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Panama City Attorney
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How guardianship is granted in courts

Although the parents of a child are the default guardians of a child until the child reaches adulthood, there are certain circumstances that may require that a new guardian be chosen. Guardians are important to minor children, as they serve several purposes not only for a child's nurturing and upbringing, but for several legal responsibilities too.

The guardianship is typically terminated when the child reaches the age of maturity, but there are a few exceptions to that rule. These are: If a court determines that the young person is still in need of supervision; if the minor becomes married; or if the young person dies. The relationship may also be terminated if it can be determined that the guardian is unfit to fill the role. However, in this last case, if the person is still a minor, he or she will need a new guardian.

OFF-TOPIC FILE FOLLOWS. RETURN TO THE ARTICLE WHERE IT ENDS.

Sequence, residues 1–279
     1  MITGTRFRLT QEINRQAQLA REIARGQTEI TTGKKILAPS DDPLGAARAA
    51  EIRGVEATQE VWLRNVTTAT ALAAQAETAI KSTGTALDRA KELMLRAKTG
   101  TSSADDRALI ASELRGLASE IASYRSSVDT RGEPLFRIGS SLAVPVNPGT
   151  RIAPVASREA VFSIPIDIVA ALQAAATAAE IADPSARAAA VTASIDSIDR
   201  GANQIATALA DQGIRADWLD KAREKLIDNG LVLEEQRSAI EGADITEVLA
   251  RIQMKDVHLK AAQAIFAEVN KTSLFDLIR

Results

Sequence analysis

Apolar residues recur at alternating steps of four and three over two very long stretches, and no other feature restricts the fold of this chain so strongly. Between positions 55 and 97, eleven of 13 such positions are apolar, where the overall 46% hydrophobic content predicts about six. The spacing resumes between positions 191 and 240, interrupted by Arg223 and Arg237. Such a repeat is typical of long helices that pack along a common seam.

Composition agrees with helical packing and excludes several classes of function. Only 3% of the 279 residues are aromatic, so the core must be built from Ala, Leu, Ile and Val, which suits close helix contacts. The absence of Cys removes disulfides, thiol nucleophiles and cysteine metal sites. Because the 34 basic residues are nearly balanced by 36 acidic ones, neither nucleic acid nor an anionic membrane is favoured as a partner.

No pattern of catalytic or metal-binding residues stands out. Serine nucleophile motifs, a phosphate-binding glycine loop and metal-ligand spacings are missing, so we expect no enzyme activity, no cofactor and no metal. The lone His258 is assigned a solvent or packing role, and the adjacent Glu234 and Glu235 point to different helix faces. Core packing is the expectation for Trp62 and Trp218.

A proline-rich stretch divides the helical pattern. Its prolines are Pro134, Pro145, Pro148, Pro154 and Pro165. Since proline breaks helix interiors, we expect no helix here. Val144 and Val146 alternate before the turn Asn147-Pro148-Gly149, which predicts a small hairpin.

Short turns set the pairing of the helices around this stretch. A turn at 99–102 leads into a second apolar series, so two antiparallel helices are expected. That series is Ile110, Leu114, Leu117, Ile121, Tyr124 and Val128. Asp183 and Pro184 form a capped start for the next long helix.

In order for someone other than a parent to be a guardian, it must be voluntarily granted by the parents or proven that the parents are unable to make legal decisions or provide reasonable care for the minor. This could include a parent who is incarcerated, or one with a proven history of drug or substance abuse or domestic violence. Just as the courts make rulings during divorce proceedings with keeping the best interests of the child in mind, they also do the same for determining guardianship.

A guardian has several responsibilities, including but not limited to providing a legal residence for the child, which will also allow the minor to attend public school. The guardian can also take action on behalf of the minor to seek public assistance benefits or public housing if applicable, and can also begin a lawsuit on behalf of the child. In addition, the guardian is in charge of all money such as inheritance or money required for medical care or education for the child. They will also preserve all money that is not required for the above. The guardian will also make all decisions regarding a child's health and medical decisions as well.

Source: FindLaw, "Guardianship of Minors," accessed on July 11, 2017

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